Three Hidden Disadvantages to US Expatriate Citizenship Renunciation

US Expatriate Citizenship Renunciation

Each year, our expat opinion survey shows that citizenship renunciation weighs heavily on the minds of expats everywhere, and the US taxation system is often cited as the reason. Renouncing US citizenship may seem like a good decision – especially if you have dual citizenship or have been living outside the US for several years and plan to do so indefinitely. By giving up your citizenship, you will not have to file the annual tax returns to declare your worldwide income to the IRS. However, if you are a US expatriate, consider the following reasons before you move forward so that you can be sure your decision is fully informed.

1. You’ll Be on the Hook One Last Time

Even though you will not have to file US tax returns in the future (unless you receive income sourced in the US), you will need to file a final tax return to report income and deductions from January 1 to the date of the oath of renunciation taken at the US Embassy.

2. You May Still Face a Hefty Tax Before You Renounce

Section 877A of the Internal Revenue Code, enacted in 2008 under the Heroes Earnings Assistance and Relief Act, establishes a stringent exit tax applicable to covered expatriates. What exactly is a covered expatriate? It’s an individual who meets any portion of a three-part test and who is renouncing their US citizenship after June 17, 2008. The three-part test requirements are met if any of the following are true:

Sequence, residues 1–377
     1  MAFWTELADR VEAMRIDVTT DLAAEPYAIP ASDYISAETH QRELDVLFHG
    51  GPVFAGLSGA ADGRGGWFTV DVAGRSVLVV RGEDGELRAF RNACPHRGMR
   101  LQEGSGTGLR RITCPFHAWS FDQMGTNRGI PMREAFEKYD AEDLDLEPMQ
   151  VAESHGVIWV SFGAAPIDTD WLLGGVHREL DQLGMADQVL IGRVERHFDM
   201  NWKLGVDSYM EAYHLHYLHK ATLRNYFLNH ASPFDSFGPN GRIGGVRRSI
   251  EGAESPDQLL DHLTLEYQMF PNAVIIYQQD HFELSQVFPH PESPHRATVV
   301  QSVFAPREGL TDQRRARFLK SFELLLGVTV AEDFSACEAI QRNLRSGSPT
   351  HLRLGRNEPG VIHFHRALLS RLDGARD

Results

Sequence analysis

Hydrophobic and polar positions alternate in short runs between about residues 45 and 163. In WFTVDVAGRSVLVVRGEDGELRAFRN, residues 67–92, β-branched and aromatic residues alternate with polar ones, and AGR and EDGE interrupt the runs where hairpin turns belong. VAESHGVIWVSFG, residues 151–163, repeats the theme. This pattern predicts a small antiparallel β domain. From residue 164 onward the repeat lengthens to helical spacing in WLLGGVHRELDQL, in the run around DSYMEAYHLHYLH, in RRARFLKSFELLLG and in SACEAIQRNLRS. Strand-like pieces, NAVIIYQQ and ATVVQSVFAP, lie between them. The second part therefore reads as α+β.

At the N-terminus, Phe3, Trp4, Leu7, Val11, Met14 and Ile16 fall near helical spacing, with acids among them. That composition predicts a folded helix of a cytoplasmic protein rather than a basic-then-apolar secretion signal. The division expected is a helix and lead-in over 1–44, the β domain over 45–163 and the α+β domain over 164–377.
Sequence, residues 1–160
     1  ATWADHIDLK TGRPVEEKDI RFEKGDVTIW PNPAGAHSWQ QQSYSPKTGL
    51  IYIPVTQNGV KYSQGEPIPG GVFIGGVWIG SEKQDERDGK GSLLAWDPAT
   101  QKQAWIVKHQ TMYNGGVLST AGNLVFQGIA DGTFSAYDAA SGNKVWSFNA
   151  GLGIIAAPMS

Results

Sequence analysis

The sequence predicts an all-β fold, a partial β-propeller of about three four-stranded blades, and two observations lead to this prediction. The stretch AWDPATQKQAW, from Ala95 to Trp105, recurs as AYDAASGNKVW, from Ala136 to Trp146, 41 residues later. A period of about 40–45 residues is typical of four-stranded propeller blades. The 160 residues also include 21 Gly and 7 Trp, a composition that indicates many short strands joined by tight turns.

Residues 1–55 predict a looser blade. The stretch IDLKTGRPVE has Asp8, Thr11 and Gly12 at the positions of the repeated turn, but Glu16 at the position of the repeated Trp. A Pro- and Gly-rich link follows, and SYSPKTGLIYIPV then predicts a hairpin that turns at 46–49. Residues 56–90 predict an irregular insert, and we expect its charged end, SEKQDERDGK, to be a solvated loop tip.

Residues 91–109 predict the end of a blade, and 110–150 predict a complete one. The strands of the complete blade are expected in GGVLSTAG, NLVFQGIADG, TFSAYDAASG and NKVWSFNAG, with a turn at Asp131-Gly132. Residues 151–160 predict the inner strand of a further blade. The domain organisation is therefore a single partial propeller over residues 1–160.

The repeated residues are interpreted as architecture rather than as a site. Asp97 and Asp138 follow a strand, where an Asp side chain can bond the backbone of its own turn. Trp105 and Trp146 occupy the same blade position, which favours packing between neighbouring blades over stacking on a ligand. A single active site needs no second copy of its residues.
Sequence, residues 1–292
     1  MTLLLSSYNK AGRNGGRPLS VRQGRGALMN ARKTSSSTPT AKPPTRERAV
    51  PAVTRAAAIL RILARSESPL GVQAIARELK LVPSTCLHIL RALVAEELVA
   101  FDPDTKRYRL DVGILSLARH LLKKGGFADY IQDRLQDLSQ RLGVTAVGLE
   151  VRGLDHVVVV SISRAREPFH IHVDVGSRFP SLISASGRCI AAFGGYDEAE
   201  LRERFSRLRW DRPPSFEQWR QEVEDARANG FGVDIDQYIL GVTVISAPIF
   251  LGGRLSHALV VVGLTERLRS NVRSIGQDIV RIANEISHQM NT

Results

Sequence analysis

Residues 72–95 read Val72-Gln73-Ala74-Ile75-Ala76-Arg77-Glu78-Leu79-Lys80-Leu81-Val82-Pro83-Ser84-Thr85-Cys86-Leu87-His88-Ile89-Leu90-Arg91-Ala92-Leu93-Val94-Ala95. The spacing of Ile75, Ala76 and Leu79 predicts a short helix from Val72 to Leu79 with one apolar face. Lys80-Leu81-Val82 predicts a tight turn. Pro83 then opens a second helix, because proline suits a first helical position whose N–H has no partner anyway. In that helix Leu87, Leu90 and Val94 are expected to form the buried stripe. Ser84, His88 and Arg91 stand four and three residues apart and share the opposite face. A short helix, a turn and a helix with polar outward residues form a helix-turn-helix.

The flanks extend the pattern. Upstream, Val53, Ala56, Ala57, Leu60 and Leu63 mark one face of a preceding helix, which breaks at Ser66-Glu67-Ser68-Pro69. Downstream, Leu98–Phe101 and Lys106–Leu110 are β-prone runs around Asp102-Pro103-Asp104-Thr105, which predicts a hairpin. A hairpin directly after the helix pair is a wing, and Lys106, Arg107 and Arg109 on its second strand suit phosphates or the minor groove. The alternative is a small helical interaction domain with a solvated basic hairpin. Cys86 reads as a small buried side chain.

• Net Worth Test – individual had a net worth of $2 million or more at the time of renunciation
  • Tax Liability Test – individual had an average annual net income tax liability of more than $165,000 USD in the last five years ending before the date of renunciation
  • Compliance Test – individual failed to certify that they had complied with all US federal tax obligations for the last five years preceding the date of expatriation.

Exceptions to the exit tax apply to dual citizens who were born in and continue to live in the country of their other nationality and to citizens who did not live in the US for more than 10 years before the age of 18 ½ years.

3. Every US Expatriate Will Be Charged a Fee

There is a fee to give up your US citizenship! The US government charges a $2,350 fee to relinquish US citizenship. And other tax considerations may apply in specific situations, so we advise that you discuss your specific circumstances with an experienced expat tax accountant so that you have all your bases covered.

US Expatriate Tax Compliance Is Easier Than You Think

Whether or not you decide citizenship renunciation is the best decision for you, you’ll need to be up to date on your expat taxes to proceed. Let us do the heavy lifting so that you can rest easy that your taxes are accurate. Get started now!